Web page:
Chapter 11, or reorganization bankruptcy, usually applies to businesses seeking to relieve debts but wishing to continue operations. This process involves preparing and implementing a reorganization plan approved by the court.
Under this bankruptcy type, the court allows some small businesses to file under special categories based on the circumstances, namely small business case and subchapter V. These classifications have unique eligibility criteria, making the court approach them differently than the usual Chapter 11 process. These qualifications may vary, depending on debt limits and types of the debtor when they file the case.
One category differs from the other according to the following features:
- Small business case: This category requires the debtor to have a maximum of $3,024,725 in secured and unsecured debts, around 50% of what stems from their business activities. The debtor must meet this limit during the date of filing for bankruptcy. Additionally, this type allows the U.S. trustee to provide additional oversight to the debtor, putting them through interviews, evaluations and other requirements during the process.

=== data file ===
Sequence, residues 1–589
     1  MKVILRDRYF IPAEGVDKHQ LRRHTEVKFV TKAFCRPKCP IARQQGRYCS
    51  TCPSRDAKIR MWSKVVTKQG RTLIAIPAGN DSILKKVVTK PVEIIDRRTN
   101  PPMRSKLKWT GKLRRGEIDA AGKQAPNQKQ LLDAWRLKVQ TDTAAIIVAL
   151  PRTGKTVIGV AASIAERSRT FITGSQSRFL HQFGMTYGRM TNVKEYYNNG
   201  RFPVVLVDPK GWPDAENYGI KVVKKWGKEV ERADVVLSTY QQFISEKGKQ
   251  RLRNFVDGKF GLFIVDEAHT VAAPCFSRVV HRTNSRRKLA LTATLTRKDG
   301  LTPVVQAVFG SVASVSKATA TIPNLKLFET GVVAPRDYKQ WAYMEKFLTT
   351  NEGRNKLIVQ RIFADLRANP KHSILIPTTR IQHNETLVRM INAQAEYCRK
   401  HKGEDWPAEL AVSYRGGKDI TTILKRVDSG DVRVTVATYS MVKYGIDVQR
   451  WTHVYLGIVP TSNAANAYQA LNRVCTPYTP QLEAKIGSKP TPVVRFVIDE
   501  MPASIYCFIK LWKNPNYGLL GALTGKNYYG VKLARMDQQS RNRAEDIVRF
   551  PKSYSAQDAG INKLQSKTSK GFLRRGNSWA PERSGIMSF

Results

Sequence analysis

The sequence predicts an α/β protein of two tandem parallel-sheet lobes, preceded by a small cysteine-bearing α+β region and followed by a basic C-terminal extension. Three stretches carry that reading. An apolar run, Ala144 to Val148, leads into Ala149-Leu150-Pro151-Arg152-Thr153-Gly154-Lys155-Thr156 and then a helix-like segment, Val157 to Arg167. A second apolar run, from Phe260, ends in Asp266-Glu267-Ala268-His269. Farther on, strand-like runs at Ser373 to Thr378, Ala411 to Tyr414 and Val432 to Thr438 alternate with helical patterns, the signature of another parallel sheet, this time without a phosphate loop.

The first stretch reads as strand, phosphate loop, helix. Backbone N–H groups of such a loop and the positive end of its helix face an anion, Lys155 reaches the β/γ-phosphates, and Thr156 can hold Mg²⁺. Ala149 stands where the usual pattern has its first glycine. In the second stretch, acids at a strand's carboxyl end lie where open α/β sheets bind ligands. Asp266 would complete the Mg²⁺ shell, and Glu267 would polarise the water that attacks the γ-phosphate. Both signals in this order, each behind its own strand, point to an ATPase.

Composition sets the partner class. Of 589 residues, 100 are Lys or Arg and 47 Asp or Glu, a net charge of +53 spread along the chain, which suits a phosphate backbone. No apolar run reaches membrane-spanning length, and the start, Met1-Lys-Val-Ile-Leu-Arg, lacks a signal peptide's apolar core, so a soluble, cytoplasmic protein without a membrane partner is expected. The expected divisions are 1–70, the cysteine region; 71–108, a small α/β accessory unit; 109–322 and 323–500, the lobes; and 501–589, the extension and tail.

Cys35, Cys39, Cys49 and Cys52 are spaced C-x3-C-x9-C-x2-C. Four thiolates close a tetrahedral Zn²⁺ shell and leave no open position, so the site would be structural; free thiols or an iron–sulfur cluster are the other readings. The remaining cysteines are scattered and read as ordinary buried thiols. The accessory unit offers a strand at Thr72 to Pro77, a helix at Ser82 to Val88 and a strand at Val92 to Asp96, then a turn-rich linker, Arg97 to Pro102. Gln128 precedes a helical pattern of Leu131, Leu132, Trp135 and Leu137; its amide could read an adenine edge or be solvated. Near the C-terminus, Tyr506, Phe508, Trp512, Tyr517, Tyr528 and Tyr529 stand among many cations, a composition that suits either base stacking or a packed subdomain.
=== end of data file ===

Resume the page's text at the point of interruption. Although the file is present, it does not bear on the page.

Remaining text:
- Subchapter V: This category has a higher limit worth a maximum of $7,500,000 in secured and unsecured debts, which should be around 50% of the debt arising from their business activities. A case undergoing this process will have a trustee who administers the debtor’s estate and reorganizes it. The trustee is also responsible for investigating their financial details, including their assets, liabilities and relevant conduct or business operations.
Both special categories could have shifting deadlines, making their pace often faster than the usual Chapter 11 procedure. These options may also have variations with the appointment of a creditors’ committee and inclusions of the debtor’s duties.
Selecting an appropriate approach
Ideally, the typical Chapter 11 process can address the debtor’s needs. Still, these special categories exist to accommodate unique circumstances by reducing unnecessary costs and adjusting the process’ duration.